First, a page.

An Emergency Fund is exactly what it sounds like. It's a fund of money that you sit on if an emergency should come about. Other than an emergency – this account should be left untouched other than depositing money to grow it. The ideal emergency fund will have enough money to cover your household bills and expenses for at least eight to twelve months. However, there's no reason that your emergency fund can't or shouldn't be larger than that. If it seems like too big a reach remember that something is better than nothing.

 

In the case of a recession, an emergency fund will prove to be a handy tool to have in your financial utility belt! Should you or your spouse lose your jobs or have difficulty paying the bills because of rising costs, an emergency fund can step in and temporarily save the day.

 

  • Don't Operate on Panic

Melissa Cox CFP emphasizes it's important not to panic at the thought of a recession.

 

One of the most common financial missteps people tend to make during a financial crisis or hardship is letting their lizard brain take the wheel. That is, in fact, the exact opposite of what you should do. During slowed economic times, it's ultra-important to make every move count, and you don't want to let a few problematic months or years undo all of your financial progress.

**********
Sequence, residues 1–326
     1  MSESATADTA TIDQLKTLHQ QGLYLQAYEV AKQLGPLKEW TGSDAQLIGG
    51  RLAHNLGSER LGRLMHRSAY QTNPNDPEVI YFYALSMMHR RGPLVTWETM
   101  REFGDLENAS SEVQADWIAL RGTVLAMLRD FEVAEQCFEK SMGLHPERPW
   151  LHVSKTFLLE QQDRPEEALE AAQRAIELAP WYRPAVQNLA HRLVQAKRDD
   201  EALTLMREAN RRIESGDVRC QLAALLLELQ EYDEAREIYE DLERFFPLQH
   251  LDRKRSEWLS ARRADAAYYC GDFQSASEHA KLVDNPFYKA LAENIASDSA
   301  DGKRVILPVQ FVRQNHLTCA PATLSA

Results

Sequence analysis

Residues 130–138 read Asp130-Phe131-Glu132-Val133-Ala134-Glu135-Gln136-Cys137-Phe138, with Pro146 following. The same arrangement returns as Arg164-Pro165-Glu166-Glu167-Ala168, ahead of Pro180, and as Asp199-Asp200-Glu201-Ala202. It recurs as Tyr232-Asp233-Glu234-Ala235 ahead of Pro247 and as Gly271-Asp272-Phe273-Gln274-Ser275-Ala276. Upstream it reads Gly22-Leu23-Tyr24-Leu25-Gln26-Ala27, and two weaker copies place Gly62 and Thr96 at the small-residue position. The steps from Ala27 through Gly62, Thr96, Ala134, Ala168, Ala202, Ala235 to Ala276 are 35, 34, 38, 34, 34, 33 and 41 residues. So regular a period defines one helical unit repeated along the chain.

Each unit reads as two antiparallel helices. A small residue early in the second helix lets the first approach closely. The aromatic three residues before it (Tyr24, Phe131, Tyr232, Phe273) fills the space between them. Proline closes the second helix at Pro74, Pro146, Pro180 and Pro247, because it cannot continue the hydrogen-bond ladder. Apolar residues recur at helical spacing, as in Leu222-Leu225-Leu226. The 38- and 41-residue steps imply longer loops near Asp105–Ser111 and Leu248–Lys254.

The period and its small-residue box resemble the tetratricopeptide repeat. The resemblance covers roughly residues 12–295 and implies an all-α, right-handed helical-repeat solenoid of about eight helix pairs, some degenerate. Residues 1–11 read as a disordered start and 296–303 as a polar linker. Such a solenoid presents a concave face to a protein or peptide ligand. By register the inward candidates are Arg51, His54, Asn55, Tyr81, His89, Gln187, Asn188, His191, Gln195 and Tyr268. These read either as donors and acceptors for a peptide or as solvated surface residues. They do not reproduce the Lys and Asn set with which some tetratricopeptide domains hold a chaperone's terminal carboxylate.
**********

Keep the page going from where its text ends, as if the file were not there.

While you may want to consider restructuring or reorganizing your financial portfolio before or during a recession, completely pulling out of the market can be a terrible mistake to make. While people think of this as a way to "save" their investments from economic plunder, pulling out your money while prices are dropping could sell off all of your financial assets at a discount, which is a mistake you wouldn't forget when prices eventually begin to rebound.

 

-         Minimize Debts

 

Debt, especially with high-interest rates, can be tough to overcome during a recession. However, it's obviously almost everyone's goal to pay their debts and live a more financially-free lifestyle. So, if you have the available funds beforehand (without dipping into your emergency fund), you should consider paying off debts that will hold you back in recessions. This is honestly just good financial practice, but jobs can be sparse in recessions, and prices can rise. In that case, you'll be wishing you didn't have to pay out $100 here and $70 there.

 

-         Reassess Your Budget

 

When the economy is kicking and doing well, many of us get very loose with our budgets to the point where they essentially become non-existent. This means we end up having more credit card debt, less money in the bank, and less money in our emergency funds. Having and sticking to a good budget is one thing that you can do during a recession, or all the time, that can significantly impact your financial well-being.